From 1940 to 1950, William Goldman Theatres, Inc. attempted unsuccessfully to operate the Erlanger theatre, under a ten year lease, as Philadelphia's only independent legitimate theatre and as a first run motion picture house. It was unable to exhibit first run films in the Erlanger as the result of a conspiracy among the major motion picture distributors. William Goldman Theatres v. Loew's, Inc., 150 F.2d 738 (3 Cir. 1945). *fn3"

 Only fifteen legitimate attractions, *fn4" including five Mask & Wig Club productions, were presented throughout this period. During Goldman's tenure the Shubert interests were negotiating with the landlord to take over the operation of the Erlanger. In 1949 Goldman learned of the Shubert negotiations, when he encountered Lawrence Shubert Lawrence on a Philadelphia street.

 At this meeting, Lawrence, a nephew of Lee Shubert, approached Goldman with a proposal that he (Lawrence) and Goldman form a new corporation to operate the Erlanger as a legitimate theatre. Goldman, foreseeing an opportunity to obtain legitimate attractions, agreed with Lawrence to form Goldlawr, Inc. Upon incorporation Goldman and Lawrence owned equal shares of the issued stock and shared the responsibilities of corporate operation. Lawrence was to serve as general manager in charge of bookings and Goldman was to have charge of the management of the theatre.

 On August 19, 1950, the plaintiff and Lee Shubert entered into a written agreement by the terms of which Lee Shubert agreed to supply Goldlawr with at least thirteen legitimate theatrical attractions to be performed at the Erlanger for a minimum of thirteen weeks during each year of a new ten year lease eventually obtained by Goldlawr from the lessor *fn5" of the theatre on September 19, 1950. The 1950 agreement also provided for the payment by Shubert to Goldlawr of $1000 as liquidated damages for each week that such attractions were not so provided.

 Under this written agreement, which the defendants concede to be completely proper and lawful, Goldlawr began to operate the Erlanger in 1950. (Defendants' Brief p. 36). However, the defendants contend, that Goldlawr was also to receive "equal treatment" with the Shubert theatres in Philadelphia, pursuant to an independent illegal understanding Goldman had with Lee Shubert (Goldman Dep. 676-678). The defendants interpret that "equal treatment" to mean: (1) Goldlawr was to benefit from the exercise of the defendants coercive power upon the producers; (2) Goldlawr was to obtain productions from U.B.O. without engaging in competition with the defendants; (3) Goldlawr was specifically formed to accomplish an equal division of the product theretofore controlled by the defendants. Defendants urge that Goldlawr's ultimate acceptance of such benefits under the agreement bars any recovery by it under the doctrine of in pari delicto.

 We think that several fundamental, pivotal facts are overlooked by the defendants in advancing their conclusion. It is deemed admitted, for purposes of this motion, that: (1) the defendants' booking office, U.B.O., was the only booking office in the United States; (2) it controlled the booking and playing of first class attractions throughout the United States; (3) no independent source existed to supply theatrical attractions sufficiently to encourage any meaningful competition with the defendants; (4) defendants had so systematically blocked operators of independent theatres from procurement of attractions as virtually to compel cessation of their businesses.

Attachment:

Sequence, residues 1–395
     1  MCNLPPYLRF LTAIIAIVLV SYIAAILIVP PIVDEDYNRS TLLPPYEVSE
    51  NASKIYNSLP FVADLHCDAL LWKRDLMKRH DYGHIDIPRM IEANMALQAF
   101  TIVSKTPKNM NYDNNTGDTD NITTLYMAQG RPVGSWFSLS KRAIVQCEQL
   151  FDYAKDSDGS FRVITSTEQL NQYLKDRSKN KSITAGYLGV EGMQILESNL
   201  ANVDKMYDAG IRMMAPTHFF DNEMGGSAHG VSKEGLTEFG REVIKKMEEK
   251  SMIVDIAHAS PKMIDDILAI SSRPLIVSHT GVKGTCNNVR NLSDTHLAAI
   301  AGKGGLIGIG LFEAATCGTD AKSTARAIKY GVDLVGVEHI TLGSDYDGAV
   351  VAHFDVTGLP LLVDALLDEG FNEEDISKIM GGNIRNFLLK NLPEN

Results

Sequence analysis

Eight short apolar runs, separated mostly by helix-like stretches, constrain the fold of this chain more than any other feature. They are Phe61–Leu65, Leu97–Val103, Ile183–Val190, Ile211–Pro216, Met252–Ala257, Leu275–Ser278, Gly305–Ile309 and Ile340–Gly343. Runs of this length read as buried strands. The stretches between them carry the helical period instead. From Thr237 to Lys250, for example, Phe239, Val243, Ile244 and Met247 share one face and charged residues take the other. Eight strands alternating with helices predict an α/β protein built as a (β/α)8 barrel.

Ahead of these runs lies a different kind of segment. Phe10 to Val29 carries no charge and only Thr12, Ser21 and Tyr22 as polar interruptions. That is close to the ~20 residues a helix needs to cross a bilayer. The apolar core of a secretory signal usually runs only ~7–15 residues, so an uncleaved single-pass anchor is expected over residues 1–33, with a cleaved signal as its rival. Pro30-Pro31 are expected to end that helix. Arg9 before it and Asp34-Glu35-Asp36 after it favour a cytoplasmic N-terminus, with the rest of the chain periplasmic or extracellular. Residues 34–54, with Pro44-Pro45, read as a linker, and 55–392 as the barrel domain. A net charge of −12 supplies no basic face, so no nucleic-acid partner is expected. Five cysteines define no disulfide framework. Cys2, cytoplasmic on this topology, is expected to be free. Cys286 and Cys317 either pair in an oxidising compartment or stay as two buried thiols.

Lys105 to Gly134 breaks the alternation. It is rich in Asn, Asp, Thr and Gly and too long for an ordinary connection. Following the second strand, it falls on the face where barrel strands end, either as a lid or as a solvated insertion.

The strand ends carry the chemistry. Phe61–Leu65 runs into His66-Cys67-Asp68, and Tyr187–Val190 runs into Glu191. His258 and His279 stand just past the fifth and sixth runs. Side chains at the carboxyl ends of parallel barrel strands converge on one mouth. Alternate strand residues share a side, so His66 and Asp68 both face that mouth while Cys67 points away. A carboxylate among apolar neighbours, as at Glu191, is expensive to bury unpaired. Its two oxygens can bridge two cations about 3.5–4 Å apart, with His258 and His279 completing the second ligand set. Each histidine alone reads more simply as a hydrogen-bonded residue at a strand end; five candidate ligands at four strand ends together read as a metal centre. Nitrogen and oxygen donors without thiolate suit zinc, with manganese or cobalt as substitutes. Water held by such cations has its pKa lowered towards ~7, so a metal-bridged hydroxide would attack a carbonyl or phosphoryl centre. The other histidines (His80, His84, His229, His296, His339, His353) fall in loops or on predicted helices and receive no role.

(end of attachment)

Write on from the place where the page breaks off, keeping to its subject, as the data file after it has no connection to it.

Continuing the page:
It is settled law that where materials offered in support of a motion for summary judgment present a "choice of inferences to be drawn from the subsidiary facts contained in the affidavits, attached exhibits, and depositions * * *", such inferences "* * * drawn from the underlying facts contained in such materials must be viewed in the light most favorable to the party opposing the motion." United States v. Diebold, Inc., 369 U.S. 654, 655, 8 L. Ed. 2d 176, 82 S. Ct. 993 (1962).

 A fair reading of Goldman's deposition and affidavit gives rise to the reasonable inference that Goldlawr could not operate the Erlanger successfully, as a legitimate theatre, if it was unable to secure regular bookings from defendants' monopoly. When a plaintiff is unable to "* * * purchase or secure the goods necessary in the conduct of its business" except from the monopoly a "jury could justly reach the conclusion that the plaintiff was not a party to the alleged monopoly, and therefore was not in pari delicto with the defendant." Eastman Kodak Co. of New York v. Southern Photo Material Co., 295 F. 98, 102 (5 Cir. 1923) aff'd 273 U.S. 359, 377, 71 L. Ed. 684, 47 S. Ct. 400 (1927).

 Under facts admitted for the purposes of this motion, viewed in the light most favorable to the plaintiff, the defendants had, by 1950, effectively eliminated competition for theatrical attractions in Philadelphia; the plaintiff, to insure survival, had to obtain bookings from the defendants. The fact that Goldlawr entered into an agreement with the defendants in the expectation that it would receive the same number of bookings as one or more of the defendants' theatres does not necessarily make the plaintiff a party to the conspiracy.

 In the present context, consideration of the in pari delicto defense requires that proper weight be given to the dominant purpose of the antitrust laws; namely, to vindicate the public interest in free and open competition. Trebuhs Realty Co. v. News Syndicate Co., 107 F. Supp. 595, 598 (S.D.N.Y. 1952). "Public policy requires the exposure of antitrust violations even though an undeserving person benefits from the lawsuit." Affiliated Music Enterprises v. Sesac, Inc., 17 F.R.D. 509 (S.D.N.Y. 1955).

 The defendants' brief draws the following distinction between the defenses of in pari delicto and unclean hands:


"The doctrine of pari delicto is not to be confused with the defense of unclean hands, which the Supreme Court has ruled to be of limited application in suits under the antitrust laws. See Kiefer-Stewart Co. v. Joseph E. Seagram & Sons, Inc., 340 U.S. 211, 95 L. Ed. 219, 71 S. Ct. 259 (1951); Moore v. Mead's Fine Bread Co., 348 U.S. 115, 99 L. Ed. 145, 75 S. Ct. 148 (1954). In these cases the defendant sought to bar recovery because plaintiff had participated in wrongdoing under the antitrust laws unrelated to that charged in the complaint. These decisions have not limited application of the pari delicto doctrine. See Pennsylvania Water & Power Co. v. Consolidated Gas, Electric Light & Power Co., 209 F.2d 131 (4th Cir. 1953), cert. den. 247 U.S. 360, 74 S. Ct. 709, 98 L. Ed. 1104 (1954); Crest Auto Supplies, Inc. v. Ero Manufacturing Co., 360 F.2d 896 (7th Cir. 1966)."